Cancer Correlates with Increased Risk of Later Onset of Type 2 Diabetes

Researchers here note a correlation between cancer diagnosis and greater risk of later onset of type 2 diabetes. A reasonable guess is that this is mediated by the increased burden of cellular senescence produced by chemotherapy and radiotherapy, though, as the researchers point out, the widely different risks by cancer type may indicate that tumors are metabolically active in ways that specifically promote the metabolic dysfunction that leads to type 2 diabetes.

For patients with cancer, prevalent type 2 diabetes at the date of cancer diagnosis is associated with increased cancer-specific and all-cause mortality. Yet, despite potential health implications, there is limited knowledge on whether cancer is also a risk factor for type 2 diabetes. We investigated the incidence of type 2 diabetes following a cancer diagnosis and evaluated the influence of new-onset type 2 diabetes in patients with cancer on overall survival.

We included 51,353 incident cancer case subjects diagnosed from 2004 to 2015 living in the Greater Copenhagen area without type 2 diabetes. We sampled all 112 million tests from 1.3 million individuals, performed by the Copenhagen General Practitioners' Laboratory, contained in the Copenhagen Primary Care Laboratory Database (CopLab) (2015-57-0121) from 2000 to 2015, data for which were merged with data on incident cancer from the Danish Cancer Registry. The median follow-up time was 2.34 years for all case subjects and 4.41 years for cancer-free control subjects.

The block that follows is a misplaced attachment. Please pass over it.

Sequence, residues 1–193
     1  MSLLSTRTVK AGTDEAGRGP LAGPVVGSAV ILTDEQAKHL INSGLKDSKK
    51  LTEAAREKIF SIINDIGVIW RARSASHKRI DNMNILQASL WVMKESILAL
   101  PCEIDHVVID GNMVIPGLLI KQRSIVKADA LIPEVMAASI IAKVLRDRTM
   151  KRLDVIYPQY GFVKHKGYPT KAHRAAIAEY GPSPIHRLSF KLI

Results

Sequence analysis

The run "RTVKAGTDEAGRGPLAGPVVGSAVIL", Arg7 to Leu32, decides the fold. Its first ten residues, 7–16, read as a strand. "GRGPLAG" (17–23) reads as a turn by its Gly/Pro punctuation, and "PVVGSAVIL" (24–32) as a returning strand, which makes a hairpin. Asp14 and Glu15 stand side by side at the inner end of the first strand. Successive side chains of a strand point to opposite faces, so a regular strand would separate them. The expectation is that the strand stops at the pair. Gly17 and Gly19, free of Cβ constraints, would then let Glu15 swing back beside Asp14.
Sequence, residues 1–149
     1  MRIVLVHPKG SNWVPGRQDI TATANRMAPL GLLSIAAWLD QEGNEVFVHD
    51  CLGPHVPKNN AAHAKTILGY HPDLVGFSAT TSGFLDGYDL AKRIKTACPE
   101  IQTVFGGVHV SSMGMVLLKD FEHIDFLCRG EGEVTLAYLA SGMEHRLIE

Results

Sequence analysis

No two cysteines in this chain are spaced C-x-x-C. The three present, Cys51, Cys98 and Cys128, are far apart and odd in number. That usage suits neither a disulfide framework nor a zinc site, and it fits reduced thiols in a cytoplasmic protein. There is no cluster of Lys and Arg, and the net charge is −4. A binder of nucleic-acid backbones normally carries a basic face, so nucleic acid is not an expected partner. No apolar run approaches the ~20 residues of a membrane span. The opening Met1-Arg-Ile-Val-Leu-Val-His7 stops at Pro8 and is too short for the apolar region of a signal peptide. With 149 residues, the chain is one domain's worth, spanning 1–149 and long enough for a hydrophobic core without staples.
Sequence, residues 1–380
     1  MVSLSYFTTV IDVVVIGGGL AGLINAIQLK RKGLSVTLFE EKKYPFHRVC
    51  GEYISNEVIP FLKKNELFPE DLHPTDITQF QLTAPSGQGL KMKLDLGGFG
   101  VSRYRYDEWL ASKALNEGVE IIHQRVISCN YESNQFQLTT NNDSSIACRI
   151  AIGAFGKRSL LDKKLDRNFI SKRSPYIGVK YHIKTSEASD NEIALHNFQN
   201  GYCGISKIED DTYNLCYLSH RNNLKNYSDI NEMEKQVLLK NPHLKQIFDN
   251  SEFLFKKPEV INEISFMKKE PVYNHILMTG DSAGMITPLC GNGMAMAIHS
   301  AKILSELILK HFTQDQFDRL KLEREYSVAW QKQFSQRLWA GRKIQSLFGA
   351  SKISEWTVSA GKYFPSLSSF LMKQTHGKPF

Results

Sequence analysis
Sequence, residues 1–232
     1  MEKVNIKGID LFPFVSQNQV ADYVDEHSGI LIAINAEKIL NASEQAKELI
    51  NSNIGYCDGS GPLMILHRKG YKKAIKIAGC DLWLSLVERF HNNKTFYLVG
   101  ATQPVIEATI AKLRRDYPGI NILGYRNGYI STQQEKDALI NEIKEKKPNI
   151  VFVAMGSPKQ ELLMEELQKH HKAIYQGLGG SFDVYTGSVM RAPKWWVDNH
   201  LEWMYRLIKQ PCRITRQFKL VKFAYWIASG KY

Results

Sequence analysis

We found an increased hazard of new-onset type 2 diabetes for all cancers (hazard ratio [HR] 1.09). The hazard of new-onset type 2 diabetes for different cancer types in comparisons with control subjects was particularly strong for pancreatic cancer (HR 5.00), cancer of the brain and other parts of the nervous system (HR 1.54), and cancer of the corpus uteri (HR 1.41). Patients diagnosed with lung (HR 1.38), urinary tract (HR 1.32), and breast (HR 1.20) cancers also had a significantly increased hazard of type 2 diabetes.

Our results align with a smaller study of 15,130 incident cancer survivors where investigators observed an overall 35% increase in the hazard of diabetes following a cancer diagnosis. We included more than three times the number of incident cancer cases and observed similar effects; thus, our findings bolster the evidence for associations that was previously less strongly supported. The underlying mechanisms still remain to be defined but could include common risk factors, tumor-secreted factors, or effects of treatment.


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